Welcome to this edition of IP Five in 5 – where we cover the top five IP news stories in 5 minutes or less. This week’s edition includes Apple’s invalidation of Fintiv’s QR payment patent, the UK’s AI inventorship ruling, and the end of Disney’s 95-year copyright protection.
Partial Invalidation of Fintiv QR Payment Patent Secured by Apple
Apple successfully invalidated most of Fintiv Inc.’s QR payment patent in a recent decision by the US Patent Trial and Appeal Board, citing obviousness. While 18 claims were canceled, three claims related to the timing of payment initiation were deemed patentable.
Source: Bloomberg Law
UK Supreme Court Decides AI Cannot Qualify as ‘Inventor’ in Landmark Case
A US computer scientist’s attempt to secure UK patents for inventions generated by his AI system, DABUS, was denied by the UK Intellectual Property Office. The refusal was based on the argument that patent rights should be attributed to humans or companies, not machines, marking a significant case on AI ownership of patents.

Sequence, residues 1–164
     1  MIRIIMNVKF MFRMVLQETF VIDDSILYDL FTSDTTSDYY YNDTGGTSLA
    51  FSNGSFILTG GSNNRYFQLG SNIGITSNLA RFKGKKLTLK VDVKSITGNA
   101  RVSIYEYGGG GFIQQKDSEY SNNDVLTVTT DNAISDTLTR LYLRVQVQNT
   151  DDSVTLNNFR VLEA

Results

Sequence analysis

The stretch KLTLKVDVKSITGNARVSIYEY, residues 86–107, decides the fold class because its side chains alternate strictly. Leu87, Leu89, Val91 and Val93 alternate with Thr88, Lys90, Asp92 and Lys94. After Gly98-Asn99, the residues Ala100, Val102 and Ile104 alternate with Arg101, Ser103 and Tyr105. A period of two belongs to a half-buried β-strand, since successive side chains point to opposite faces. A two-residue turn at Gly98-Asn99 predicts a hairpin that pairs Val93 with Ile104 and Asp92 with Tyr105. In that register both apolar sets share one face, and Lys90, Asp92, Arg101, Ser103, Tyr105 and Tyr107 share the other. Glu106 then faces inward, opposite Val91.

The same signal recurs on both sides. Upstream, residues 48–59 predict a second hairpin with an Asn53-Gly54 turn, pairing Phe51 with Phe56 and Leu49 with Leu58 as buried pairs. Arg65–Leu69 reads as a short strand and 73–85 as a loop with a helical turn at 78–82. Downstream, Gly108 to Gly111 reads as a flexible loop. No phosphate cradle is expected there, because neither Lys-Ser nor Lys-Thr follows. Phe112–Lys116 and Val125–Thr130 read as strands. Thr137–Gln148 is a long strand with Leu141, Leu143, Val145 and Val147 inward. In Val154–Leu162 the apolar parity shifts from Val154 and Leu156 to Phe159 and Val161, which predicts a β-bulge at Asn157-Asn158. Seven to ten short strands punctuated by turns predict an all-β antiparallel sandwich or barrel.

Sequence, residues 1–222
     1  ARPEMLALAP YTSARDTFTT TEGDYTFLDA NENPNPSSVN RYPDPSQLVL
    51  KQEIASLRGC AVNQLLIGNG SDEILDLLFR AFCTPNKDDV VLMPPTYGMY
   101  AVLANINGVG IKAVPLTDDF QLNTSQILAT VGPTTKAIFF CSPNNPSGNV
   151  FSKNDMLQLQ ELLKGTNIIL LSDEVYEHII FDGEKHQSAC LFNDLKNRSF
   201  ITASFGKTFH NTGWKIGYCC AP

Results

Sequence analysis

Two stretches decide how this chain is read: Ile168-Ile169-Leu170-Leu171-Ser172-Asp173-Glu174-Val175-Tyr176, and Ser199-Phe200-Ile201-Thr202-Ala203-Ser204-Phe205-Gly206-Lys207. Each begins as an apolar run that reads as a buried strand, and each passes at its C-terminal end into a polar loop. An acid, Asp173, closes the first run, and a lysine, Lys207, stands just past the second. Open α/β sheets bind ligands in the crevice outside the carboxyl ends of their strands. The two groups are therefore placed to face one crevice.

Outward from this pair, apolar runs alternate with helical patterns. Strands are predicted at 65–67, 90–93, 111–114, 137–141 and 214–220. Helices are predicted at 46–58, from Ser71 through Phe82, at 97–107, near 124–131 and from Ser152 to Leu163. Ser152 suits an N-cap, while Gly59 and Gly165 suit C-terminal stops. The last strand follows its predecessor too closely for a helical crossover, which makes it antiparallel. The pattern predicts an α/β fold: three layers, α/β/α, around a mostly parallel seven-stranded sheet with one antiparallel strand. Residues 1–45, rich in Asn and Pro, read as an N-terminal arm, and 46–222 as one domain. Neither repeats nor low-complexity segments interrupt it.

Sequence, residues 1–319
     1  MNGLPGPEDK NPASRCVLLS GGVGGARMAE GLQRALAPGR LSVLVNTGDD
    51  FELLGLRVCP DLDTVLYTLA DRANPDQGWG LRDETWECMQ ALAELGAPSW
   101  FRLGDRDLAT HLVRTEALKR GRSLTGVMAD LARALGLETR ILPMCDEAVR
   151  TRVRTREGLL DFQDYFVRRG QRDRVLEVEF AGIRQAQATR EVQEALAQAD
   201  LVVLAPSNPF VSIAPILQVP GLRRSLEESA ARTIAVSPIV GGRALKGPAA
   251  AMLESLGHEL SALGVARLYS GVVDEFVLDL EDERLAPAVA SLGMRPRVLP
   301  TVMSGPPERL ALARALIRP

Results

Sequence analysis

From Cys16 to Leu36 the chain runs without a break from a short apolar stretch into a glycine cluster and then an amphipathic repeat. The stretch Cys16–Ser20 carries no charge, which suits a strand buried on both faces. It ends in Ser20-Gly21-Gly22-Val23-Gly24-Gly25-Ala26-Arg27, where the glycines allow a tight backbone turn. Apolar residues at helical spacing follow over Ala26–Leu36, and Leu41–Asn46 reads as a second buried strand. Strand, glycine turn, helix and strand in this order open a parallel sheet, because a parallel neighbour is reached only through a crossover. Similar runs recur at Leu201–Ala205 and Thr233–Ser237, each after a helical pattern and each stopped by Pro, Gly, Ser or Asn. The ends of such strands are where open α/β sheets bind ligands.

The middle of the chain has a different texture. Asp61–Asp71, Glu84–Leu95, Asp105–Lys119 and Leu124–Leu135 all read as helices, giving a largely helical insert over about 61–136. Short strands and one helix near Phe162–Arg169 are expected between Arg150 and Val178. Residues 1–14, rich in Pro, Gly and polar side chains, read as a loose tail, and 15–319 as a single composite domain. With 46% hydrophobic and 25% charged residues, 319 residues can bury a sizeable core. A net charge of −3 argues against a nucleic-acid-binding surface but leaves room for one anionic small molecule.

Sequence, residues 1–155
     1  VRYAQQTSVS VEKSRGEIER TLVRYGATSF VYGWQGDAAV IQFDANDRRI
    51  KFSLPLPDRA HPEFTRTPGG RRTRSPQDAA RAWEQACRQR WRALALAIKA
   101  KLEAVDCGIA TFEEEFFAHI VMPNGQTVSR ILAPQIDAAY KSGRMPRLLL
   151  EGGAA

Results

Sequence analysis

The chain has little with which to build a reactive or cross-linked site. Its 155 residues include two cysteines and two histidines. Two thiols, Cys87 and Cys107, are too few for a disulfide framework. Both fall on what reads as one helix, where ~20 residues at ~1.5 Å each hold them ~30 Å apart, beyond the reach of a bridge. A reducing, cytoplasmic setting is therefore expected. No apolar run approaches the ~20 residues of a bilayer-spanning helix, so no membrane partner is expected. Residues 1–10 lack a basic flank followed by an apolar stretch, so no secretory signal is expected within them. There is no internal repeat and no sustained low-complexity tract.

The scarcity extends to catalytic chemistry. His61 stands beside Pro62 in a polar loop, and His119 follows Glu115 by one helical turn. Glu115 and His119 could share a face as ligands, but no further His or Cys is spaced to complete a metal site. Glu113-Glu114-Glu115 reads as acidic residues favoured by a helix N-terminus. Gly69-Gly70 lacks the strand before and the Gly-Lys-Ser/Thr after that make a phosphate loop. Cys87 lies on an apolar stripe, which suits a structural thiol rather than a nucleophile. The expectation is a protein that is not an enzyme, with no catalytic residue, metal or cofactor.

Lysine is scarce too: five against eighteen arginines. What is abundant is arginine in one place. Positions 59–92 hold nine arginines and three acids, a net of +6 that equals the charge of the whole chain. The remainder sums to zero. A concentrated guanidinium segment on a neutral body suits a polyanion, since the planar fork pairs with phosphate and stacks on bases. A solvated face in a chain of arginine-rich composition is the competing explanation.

Pulse Oximeter Functionality Removed from Apple Watches As a Result of Patent Dispute
The US International Trade Commission found Apple guilty of patent infringement of Masimo’s pulse oximeter technology, leading to a temporary halt in sales for Series 9 and Ultra 2 watches. Although the ban had been temporarily lifted by an appeals court, Apple has now received approval from Masimo to change the way its watches function so that the company can sell their watches without restriction.
Controversy Arises as Cambridge University Trademarks Clash with Companies
Cambridge University’s trademark disputes, including one with Cambridge NeuroTech, highlight clashes over using the city’s name. Costly legal battles have ensued, with some companies succeeding in registering trademarks. The university has defended its actions as crucial to preventing confusion and safeguarding its global mission in education, research, and innovation.
Source: BBC News
Mickey Mouse Enters Public Domain as Disney’s 95-Year-Old Copyright Expires
Mickey Mouse, the beloved American cartoon character, became part of the public domain on January 1, 2024, marking the end of Disney’s 95-year copyright. The iconic version of Mickey appearing in ‘Steamboat Willie’ which was released in 1928, is no longer protected.
Source: Business Standard